Award-winning journalist and author Simon Winchester takes readers on a personal tour of the Balkans. Combining history and interviews with the people who live there, Winchester offers a fascinating glimpse into the complex issues at work in this chaotic region. Unrest in the Balkans has gone on for centuries. A seasoned reporter, Winchester visited the region twenty years ago. When Kosovo reached crisis level in 1997, Winchester thought a return visit to the beleaguered area would help to make sense out of the awful violence. He decided to use Vienna and Istanbul, two great cities whose rivalries helped create the dynamics at work today, as the beginning and end points of his trip. Not specifically a book about war, it is more a portrait of a place and its people in turmoil. Simon Winchester offers an insightful look at a little understood conflict. Steven Crossley’s masterful narration will make listeners feel as if they have entered the combat zone.
©1999 Simon Winchester (P)2001 Recorded Books, LLC
Probably not as I don't typically listen to books like this again, but it was very interesting and informative.
Was looking for an audio book that gave me a framework of the issues in the Balkans and this does so within the structure of an interesting and entertaining story so wasn't as dry as a history text.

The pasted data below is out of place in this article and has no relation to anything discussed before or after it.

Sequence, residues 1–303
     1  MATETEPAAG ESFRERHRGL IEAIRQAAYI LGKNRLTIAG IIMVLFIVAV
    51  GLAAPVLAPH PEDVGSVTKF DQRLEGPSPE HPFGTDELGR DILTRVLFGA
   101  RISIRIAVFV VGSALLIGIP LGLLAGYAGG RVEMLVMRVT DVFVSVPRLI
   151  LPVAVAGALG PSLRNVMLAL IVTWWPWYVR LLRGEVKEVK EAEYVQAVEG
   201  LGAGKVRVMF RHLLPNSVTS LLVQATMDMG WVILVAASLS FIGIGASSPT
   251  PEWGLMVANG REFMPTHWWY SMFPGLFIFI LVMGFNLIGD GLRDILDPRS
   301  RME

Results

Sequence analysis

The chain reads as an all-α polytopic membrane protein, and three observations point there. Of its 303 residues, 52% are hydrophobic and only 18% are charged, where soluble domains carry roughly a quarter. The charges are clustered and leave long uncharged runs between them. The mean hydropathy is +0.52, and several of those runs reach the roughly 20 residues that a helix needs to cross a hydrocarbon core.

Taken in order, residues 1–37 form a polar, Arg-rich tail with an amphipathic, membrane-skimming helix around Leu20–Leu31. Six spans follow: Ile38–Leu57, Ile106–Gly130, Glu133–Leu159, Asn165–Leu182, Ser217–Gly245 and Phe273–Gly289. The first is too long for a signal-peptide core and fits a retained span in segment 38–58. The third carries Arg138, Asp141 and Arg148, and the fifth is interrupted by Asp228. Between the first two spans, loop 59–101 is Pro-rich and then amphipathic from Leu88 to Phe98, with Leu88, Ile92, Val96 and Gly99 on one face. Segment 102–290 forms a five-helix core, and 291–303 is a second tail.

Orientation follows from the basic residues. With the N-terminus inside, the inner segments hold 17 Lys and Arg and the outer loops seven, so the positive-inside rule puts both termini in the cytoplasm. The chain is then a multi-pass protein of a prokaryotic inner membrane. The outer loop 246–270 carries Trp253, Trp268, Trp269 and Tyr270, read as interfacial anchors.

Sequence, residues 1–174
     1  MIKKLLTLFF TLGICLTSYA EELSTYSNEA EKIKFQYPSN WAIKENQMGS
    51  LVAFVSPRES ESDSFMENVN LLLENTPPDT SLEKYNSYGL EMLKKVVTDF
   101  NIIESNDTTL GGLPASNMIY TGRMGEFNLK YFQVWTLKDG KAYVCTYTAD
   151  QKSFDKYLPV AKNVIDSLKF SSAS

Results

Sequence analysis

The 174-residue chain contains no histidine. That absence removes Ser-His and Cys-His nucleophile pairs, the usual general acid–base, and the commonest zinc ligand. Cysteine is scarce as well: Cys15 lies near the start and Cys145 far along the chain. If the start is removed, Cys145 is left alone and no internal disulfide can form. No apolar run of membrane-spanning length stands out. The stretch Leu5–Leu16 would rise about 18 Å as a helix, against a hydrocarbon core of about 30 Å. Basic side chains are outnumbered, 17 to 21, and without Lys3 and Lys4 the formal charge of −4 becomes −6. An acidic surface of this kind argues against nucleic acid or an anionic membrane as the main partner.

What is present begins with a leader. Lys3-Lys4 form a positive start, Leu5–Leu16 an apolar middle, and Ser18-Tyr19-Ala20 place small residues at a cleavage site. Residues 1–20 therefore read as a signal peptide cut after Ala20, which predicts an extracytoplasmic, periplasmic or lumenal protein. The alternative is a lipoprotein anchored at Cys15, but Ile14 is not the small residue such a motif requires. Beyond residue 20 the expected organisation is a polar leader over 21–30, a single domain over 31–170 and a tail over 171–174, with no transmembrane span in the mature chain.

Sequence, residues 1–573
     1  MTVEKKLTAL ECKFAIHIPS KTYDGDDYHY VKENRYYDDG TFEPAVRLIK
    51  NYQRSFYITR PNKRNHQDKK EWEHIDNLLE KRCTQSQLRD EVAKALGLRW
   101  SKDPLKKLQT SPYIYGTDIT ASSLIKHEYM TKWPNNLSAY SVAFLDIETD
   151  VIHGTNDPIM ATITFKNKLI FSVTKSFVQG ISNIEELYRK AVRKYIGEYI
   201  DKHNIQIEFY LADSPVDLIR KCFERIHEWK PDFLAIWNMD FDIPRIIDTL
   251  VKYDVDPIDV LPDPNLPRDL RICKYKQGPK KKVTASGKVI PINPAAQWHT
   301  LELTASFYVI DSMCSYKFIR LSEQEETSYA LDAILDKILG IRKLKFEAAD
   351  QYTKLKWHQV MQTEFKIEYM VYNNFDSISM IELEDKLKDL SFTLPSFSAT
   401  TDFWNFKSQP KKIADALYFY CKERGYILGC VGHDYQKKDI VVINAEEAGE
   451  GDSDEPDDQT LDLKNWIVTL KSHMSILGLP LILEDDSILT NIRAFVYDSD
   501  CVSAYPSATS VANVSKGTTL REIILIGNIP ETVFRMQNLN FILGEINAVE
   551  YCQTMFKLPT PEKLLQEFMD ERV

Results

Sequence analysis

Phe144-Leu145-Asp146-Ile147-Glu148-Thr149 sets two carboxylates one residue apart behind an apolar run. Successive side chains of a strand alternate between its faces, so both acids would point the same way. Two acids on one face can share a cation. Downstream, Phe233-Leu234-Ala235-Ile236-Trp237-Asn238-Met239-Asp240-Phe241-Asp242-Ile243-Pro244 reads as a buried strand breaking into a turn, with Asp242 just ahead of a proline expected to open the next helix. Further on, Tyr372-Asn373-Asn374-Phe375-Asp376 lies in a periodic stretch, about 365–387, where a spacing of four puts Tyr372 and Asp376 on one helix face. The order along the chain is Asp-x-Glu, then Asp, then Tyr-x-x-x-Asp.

My favorite was actually how he sprinkled in the historical background within the scenes, so you learned while you were entertained.
All of the unnecessary violence was upsetting but informative.
Was just really pleasantly surprised with this book. Figured I'd pick up on some history through an adventure travel type of story but really got both in a great way. Really happy with this book.
This book contains all the elements of his later works. Descriptive, memorable characters and an understanding of the geological forces that shape a landscape. By necessity this was written in the first person, so it becomes a kind of painful travelogue as the author describes horrific acts of barbarism and hatred that was occurring in the Balkans at that time. And, as with all his books, he is able to find and relate great beauty, humor and humanity amidst the tragedy. One can even understand his bewilderment over the fact that all of this was occurring in Europe at the end of the twentieth century while not necessarily sharing in the sentiment. While there are many other Simon Winchester books that I would recommend over this, for those of us who are deep fans of his writing, this is a good one to go back to. It gives one a greater sense of the author.
The narration was exceptionally good.
The writing was good but it conveyed the Eurocentric and racist instincts of the author. There is plenty of poverty and squalor in Europe; one needs to look around without biases.
There was no mention of Macedonia or Herzegovina. Aren't they Balkan states as well?
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